Journal of Occupational Rehabilitation

, Volume 23, Issue 2, pp 157–161

Introduction to the Special Section: Sustainability of Work with Chronic Health Conditions

  • William S. Shaw
  • Torill H. Tveito
  • Cécile R. L. Boot
Article

Abstract

Background The increasing prevalence of older workers and chronic health conditions represents a growing occupational health concern. More research is needed to understand risk factors, apply and adapt theories, and test workplace-focused interventions that might prevent work disability and disengagement among chronically ill workers. Methods A 2-h roundtable symposium involving 28 participants was held at an international conference (Second Scientific Conference on Work Disability Prevention & Integration, Groningen, The Netherlands) in October 2012. In that symposium, small groups of participants were invited to discuss theoretical, methodological, and implementation considerations for studying workplace function and well-being among workers with chronic health conditions. As a follow-up to the symposium, the organizers invited authors to submit original articles to a Special Section of the Journal of Occupational Rehabilitation for peer review and publication. Results Results of the symposium reflected the need to address social, not just physical, aspects of the workplace, to include both individual-level and organizational interventions, and to integrate employer perspectives and operational models. Contributions to the Special Issue focus on outcome measurement, symptom self-management at work, job accommodations, prognostic factors for disability escalation, and the perceived needs of affected workers. Conclusions The content of the Special Section reflects an evolving body of research that continues to grapple with basic issues around choice of outcome measures, level of intervention, and the optimal ways to meet the needs of workers with chronic health conditions, including supporting efforts to manage symptoms and function at work. Future research should focus on integrating organizational and individual-level interventions.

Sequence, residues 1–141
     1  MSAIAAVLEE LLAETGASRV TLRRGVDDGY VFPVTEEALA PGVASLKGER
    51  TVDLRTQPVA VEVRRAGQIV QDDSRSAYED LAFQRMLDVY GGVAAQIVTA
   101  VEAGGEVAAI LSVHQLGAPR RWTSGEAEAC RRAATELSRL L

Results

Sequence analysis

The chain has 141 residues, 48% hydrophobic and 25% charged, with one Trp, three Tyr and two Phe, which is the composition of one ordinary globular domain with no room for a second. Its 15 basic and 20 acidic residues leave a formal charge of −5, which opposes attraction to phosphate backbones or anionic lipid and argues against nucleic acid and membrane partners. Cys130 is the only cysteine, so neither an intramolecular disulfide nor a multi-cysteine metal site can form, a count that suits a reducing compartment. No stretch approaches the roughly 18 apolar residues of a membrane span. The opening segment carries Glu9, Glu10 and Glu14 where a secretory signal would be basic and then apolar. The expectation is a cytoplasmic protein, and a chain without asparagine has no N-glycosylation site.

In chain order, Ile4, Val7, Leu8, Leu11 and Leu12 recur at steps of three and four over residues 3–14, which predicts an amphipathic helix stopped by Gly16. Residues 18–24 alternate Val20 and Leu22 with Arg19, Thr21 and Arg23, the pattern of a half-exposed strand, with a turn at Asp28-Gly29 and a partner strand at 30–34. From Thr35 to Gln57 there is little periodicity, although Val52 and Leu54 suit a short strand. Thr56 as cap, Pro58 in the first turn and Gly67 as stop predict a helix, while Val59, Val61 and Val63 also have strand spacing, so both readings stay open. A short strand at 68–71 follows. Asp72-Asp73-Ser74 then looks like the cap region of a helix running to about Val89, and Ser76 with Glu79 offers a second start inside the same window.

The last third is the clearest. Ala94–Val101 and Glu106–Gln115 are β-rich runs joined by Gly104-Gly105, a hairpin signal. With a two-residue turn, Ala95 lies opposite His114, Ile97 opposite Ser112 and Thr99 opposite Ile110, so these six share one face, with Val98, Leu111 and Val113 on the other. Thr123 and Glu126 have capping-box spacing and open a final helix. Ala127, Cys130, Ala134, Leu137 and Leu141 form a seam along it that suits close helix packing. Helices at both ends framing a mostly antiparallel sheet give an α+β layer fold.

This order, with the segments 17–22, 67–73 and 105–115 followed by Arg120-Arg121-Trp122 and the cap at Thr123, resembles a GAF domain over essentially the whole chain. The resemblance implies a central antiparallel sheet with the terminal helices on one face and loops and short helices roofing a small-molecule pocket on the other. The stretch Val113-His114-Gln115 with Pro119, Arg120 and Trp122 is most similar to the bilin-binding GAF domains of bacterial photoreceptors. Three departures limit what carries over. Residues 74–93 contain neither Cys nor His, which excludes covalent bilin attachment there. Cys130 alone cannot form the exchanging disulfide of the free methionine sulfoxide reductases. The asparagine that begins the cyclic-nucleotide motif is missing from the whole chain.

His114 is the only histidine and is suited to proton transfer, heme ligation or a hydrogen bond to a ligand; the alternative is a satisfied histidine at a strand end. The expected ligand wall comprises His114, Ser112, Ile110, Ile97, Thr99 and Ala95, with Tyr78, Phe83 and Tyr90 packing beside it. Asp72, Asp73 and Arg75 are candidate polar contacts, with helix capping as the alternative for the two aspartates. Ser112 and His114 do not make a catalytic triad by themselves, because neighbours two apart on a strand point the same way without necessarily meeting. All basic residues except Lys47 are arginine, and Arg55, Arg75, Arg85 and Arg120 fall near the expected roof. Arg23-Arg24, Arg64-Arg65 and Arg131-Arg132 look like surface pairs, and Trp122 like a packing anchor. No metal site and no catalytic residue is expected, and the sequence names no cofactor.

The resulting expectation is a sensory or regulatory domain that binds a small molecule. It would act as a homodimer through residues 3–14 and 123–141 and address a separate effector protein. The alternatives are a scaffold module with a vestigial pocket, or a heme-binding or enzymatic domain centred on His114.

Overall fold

Keywords

Workplace self-management Chronic illness Pain Disability prevention Research agenda 

References

  1. 1.
    Ricci JA, Stewart WF, Chee E, Leotta C, Foley K, Hochberg MC. Back pain exacerbations and lost productive time costs in United States workers. Spine (Phila Pa 1976). 2006;31:3052–60.CrossRefGoogle Scholar
  2. 2.
    Burton WN, Pransky G, Conti DJ, Chen CY, Edington DW. The association of medical conditions and presenteeism. J Occup Environ Med. 2004;46(6 Suppl):S38–45.PubMedGoogle Scholar
  3. 3.
    van Leeuwen MT, Blyth FM, March LM, Nicholas MK, Cousins MJ. Chronic pain and reduced work effectiveness: the hidden cost to Australian employers. Eur J Pain. 2006;10:161–6.PubMedCrossRefGoogle Scholar
  4. 4.
    Brault M. Americans with disabilities: 2005, current population reports, P70-117. Washington, DC: US Census Bureau; 2008.Google Scholar
  5. 5.
    Center for Disease Control. Prevalence and most common causes of disability among adults—United States. MMWR. 2005;58(16):421–6. (mmwr/preview/mmwrhtml/mm5816a2.htm).Google Scholar
  6. 6.
    Murray CJL, Vos T, Lozano R, et al. Disability-adjusted life years (DALYs) for 291 diseases and injuries in 21 regions, 1990–2010: a systematic analysis for the global burden of disease study 2010. Lancet. 2012;380:2197–223.PubMedCrossRefGoogle Scholar
  7. 7.
    Feuerstein M. Cancer survivorship and work. J Occup Rehabil. 2005;15:1–2.PubMedCrossRefGoogle Scholar
  8. 8.
    McGoldrick C. HIV and employment. Occup Med (Lond). 2012;62:242–53.CrossRefGoogle Scholar
  9. 9.
    Peterson CL, Murphy G. Transition from the labor market: older workers and retirement. Int J Health Serv. 2010;40:609–27.PubMedCrossRefGoogle Scholar
  10. 10.
    Leclerc A, Chastang JF, Ozguler A, Ravaud JF. Chronic back problems among persons 30 to 64 years old in France. Spine (Phila Pa 1976). 2006;31:479–84.CrossRefGoogle Scholar
  11. 11.